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quotations about opinions

Opinion quote

Where there is much desire to learn, there of necessity will be much arguing, much writing, many opinions; for opinion in good men is but knowledge in the making.

JOHN MILTON, Areopagitica

The kind of man who always thinks that he is right, that his opinions, his pronouncements, are the final word, when once exposed shows nothing there. But a wise man has much to learn without a loss of dignity.


Ten gods cannot change the opinion of one fool, especially if another fool agrees with him.

ABRAHAM MILLER, Unmoral Maxims

There is nothing in the world so easy as giving an opinion; consequently, in general, there are few things so utterly valueless.

CHARLES WILLIAM DAY, The Maxims, Experiences, and Observations of Agogos

Our opinions are not our own.

WILLIAM HAZLITT, Characteristics

I'll tell you what's the greatest power under heaven, and that is public opinion--the ruling belief in society about what is right and what is wrong, what is honourable and what is shameful. That's the steam that is to work the engines.


I never submitted the whole system of my opinions to the creed of any party of men whatever, in religion, in philosophy, in politics, or in anything else, where I was capable of thinking for myself. Such an addiction is the last degradation of a free and moral agent. If I could not go to heaven but with a party, I would not go there at all.

THOMAS JEFFERSON, letter to Francis Hopkinson, Mar. 13, 1789

At any given moment, public opinion is a chaos of superstition, misinformation, and prejudice.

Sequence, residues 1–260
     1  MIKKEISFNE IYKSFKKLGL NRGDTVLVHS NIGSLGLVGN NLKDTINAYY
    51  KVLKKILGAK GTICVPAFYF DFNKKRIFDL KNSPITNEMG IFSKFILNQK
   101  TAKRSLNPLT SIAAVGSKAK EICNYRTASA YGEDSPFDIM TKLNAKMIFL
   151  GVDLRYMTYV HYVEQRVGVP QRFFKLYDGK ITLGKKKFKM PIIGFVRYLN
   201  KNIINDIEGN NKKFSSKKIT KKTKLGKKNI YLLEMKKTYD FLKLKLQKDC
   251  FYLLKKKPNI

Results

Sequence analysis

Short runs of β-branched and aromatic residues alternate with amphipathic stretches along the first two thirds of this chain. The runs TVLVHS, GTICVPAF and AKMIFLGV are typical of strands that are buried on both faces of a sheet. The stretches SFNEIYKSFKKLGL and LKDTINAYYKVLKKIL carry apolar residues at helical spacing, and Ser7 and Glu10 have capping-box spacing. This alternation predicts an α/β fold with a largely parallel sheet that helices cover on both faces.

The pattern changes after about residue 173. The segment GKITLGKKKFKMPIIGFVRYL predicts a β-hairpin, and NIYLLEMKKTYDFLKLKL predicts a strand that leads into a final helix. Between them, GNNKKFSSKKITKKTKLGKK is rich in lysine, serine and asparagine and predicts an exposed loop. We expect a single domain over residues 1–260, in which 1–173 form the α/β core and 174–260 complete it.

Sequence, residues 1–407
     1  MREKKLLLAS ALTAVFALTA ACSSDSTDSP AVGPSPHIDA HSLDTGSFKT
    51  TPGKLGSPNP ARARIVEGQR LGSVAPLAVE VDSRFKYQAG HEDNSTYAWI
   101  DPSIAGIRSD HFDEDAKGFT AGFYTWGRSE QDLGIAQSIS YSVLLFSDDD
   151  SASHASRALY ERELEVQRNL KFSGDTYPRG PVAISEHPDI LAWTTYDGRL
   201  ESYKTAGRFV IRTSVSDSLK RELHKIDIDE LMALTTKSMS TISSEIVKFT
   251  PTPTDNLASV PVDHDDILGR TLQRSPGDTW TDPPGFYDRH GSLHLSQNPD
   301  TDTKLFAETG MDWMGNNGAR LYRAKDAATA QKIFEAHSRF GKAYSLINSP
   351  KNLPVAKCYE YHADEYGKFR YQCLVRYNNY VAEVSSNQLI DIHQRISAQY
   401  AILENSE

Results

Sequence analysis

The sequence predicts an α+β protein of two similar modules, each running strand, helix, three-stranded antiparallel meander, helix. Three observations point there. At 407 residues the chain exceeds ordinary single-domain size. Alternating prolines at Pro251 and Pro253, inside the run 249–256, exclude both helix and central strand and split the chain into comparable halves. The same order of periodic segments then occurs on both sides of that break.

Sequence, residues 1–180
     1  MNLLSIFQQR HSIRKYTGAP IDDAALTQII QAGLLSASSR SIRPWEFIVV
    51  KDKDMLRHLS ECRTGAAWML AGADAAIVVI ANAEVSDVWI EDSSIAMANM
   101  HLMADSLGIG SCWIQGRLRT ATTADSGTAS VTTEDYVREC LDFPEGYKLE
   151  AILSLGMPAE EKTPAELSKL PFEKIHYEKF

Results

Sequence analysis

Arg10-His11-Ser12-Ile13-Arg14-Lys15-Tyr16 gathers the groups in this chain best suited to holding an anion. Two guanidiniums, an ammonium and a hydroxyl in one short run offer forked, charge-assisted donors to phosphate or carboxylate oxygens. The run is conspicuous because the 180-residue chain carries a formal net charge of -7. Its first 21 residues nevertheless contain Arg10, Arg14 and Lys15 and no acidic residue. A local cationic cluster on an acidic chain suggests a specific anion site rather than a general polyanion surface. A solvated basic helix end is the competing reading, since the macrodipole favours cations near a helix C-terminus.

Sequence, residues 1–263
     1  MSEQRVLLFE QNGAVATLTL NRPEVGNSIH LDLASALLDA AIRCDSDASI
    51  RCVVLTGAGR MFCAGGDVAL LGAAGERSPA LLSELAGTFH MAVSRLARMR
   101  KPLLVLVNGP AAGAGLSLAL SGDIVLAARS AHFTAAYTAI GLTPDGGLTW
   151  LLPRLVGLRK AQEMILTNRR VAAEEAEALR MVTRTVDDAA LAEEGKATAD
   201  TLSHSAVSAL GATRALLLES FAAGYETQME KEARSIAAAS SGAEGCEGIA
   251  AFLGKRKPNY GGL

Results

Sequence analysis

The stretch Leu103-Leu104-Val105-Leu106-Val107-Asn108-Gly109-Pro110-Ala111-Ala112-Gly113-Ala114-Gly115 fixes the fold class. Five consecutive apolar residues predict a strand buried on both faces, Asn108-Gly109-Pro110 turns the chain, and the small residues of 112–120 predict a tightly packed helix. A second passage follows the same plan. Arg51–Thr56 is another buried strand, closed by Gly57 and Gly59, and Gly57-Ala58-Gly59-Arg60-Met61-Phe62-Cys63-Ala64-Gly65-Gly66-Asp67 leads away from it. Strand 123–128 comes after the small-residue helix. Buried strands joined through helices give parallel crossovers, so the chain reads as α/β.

GORE VIDAL, "Sex and the Law," Homage to Daniel Shays

The public buys its opinions as it buys its meat, or takes in its milk, on the principle that it is cheaper to do this than to keep a cow. So it is, but the milk is more likely to be watered.


It is always chilling in friendly intercourse, to say you have no opinion to give. And if you deliver an opinion at all, it is mere stupidity not to do it with an air of conviction and well-founded knowledge. You make it your own in uttering it, and naturally get fond of it.

GEORGE ELIOT, The Mill on the Floss

The mind revolts against certain opinions, as the stomach rejects certain foods.

WILLIAM HAZLITT, Characteristics

The presumption that any current opinion is not wholly false, gains in strength according to the number of its adherents.

HERBERT SPENCER, First Principles

Your opinion is your opinion, your perception is your perception--do not confuse them with "facts" or "truth". Wars have been fought and millions have been killed because of the inability of men to understand the idea that EVERYBODY has a different viewpoint.

JOHN MOORE, Quotations for Martial Artists

There are as many opinions as there are experts.

FRANKLIN D. ROOSEVELT, speech, Jun. 12, 1942

Few have opinions: fewer still have their own opinions.

IVAN PANIN, Thoughts

It were not best that we should all think alike; it is difference of opinion that makes horse races.

MARK TWAIN, The Tragedy of Pudd'nhead Wilson

I've had my say out, and I shall be the' easier for't all my life. There's no pleasure i' living, if you're to be corked up forever, and only dribble your mind out by the sly, like a leaky barrel.


Opponents fancy they refute us when they repeat their own opinion and pay no attention to ours.

JOHANN WOLFGANG VON GOETHE, The Maxims and Reflections of Goethe

Unity of opinion, abstractedly considered, is neither desirable, nor a good ... for men may be all agreed in error, and in that case unanimity is an evil.


Do not think of knocking out another person's brains because he differs in opinion from you. It would be as rational to knock yourself on the head because you differ from yourself ten years ago.